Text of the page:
For both Haydn, Mozart and early Beethoven it is still the first movement in the sonata which stands paramount in the construction. Additionally a slow movement and a fast movement could be added, each having a specific function in the musical argument of the complete piece. Beethoven eventually develops the form and strengthens each movement’s own specific character and even re-disposes the number of movements and alters the fast-slow-fast disposition of the Classial era.

How can we explain this immense popularity of the sonata for over two hundred years? What makes it so satisfying, so complete?
In Beethoven’s hands the piano sonata underwent a drastic development from his early works inspired by Haydn and Mozart until his late experimental and bold works with a much freer concept of form and drama. The term “sonata form” appears in the mid-19th century and Beethoven’s 32 piano sonatas were the basis for the analysis.

The Moonlight Sonata is different

There are no specific reasons why Beethoven decided to title both the Op. 27 works as Sonata quasi una fantasia (“sonata in the manner of a fantasy”), but the layout of no. 2 (the Moonlight Sonata) does not follow the traditional fast–slow–fast. Instead, the sonata proposes an end-weighted journey, with the rapid music held off until the third movement. The sonata consists of three movements:
Adagio sostenuto-Allegretto-Presto agitato
The name “Moonlight Sonata” comes from the German music critic and poet Ludwig Rellstab, five years after Beethoven’s death.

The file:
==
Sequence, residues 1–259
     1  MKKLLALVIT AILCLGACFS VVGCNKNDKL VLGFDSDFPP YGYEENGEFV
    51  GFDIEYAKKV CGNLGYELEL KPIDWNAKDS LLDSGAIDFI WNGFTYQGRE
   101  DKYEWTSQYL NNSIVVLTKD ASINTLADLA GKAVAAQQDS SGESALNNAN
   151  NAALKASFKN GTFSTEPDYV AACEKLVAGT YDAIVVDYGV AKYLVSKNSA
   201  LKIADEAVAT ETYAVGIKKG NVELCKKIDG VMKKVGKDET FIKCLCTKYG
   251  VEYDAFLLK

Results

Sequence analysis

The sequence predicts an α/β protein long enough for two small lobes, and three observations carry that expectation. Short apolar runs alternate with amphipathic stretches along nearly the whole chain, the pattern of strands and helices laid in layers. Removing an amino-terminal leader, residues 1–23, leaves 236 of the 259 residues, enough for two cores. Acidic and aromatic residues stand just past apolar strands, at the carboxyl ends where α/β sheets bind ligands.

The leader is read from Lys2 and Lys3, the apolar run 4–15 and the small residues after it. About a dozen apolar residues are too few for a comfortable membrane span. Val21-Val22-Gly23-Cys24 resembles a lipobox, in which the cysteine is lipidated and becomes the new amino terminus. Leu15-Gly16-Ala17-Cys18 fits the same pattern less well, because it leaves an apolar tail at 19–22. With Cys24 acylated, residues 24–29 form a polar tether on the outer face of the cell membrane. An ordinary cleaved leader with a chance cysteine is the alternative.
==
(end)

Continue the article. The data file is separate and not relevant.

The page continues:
Beethoven: Sonata Sonata Op. 27 no. 2, piano sheet music:
Moonlight Sonata piano sheet music

Two distinctly different interpretations

Here we listen to a recent performance of the Moonlight Sonata by pianist Yundi Li from a popular TV-show in Japan. His interpetation is quite traditional with a slow and beautiful rendition of the first movement while his last movement is very clean and polished – indeed not one of the more wild and stormy versions we have heard. But that is perhaps what to expect by Yundi Li, who is a former International Chopin Competition winner (2000).

On the other hand we have Andras Schiff who, in recent years, has proposed a completely different interpretation of the first movement for three resons:
1. The nickname “Monlight Sonata” is nonsense.
2. Since the meter is “Alla breve” we should count two beats (half notes) per bar, calling for a quite light and quick tempo.
3. Beethoven writes in the beginning of the piece “Si deve suonare tutto questo pezzo delicatissimamente e senza sordino” which means “This whole movement must be played with the utmost delicacy and without dampers. (i.e. with right pedal down). If that means that we should keep the right pedal constantly down throughout the piece or to change pedal in a traditional way when harmony changes is the big question for debate.
Listen to Schiff’s lecture below for a more detailed description.

Yundi Li plays Beethoven Sonata Op. 27 no. 2 (from Japanese TV 2014)
1. Adagio sostenuto
2. Allegretto
3. Presto agitato

Andras Schiff:
Lecture about the Moonlight Sonata (Wigmore hall, London)


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/patrick